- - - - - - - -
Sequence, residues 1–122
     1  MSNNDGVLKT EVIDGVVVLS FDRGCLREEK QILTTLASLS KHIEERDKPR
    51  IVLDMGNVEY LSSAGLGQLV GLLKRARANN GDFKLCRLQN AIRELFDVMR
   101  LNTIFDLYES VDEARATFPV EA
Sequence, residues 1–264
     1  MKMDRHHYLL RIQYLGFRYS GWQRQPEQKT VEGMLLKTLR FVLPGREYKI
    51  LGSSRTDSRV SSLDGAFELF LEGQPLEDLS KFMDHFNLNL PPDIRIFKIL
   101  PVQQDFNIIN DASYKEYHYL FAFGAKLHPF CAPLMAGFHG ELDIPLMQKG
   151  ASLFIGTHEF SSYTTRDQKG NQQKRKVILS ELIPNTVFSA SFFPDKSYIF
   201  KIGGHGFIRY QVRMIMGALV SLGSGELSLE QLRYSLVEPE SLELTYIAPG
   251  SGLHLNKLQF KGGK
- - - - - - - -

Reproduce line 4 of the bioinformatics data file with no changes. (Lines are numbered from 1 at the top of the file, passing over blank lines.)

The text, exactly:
   101  LNTIFDLYES VDEARATFPV EA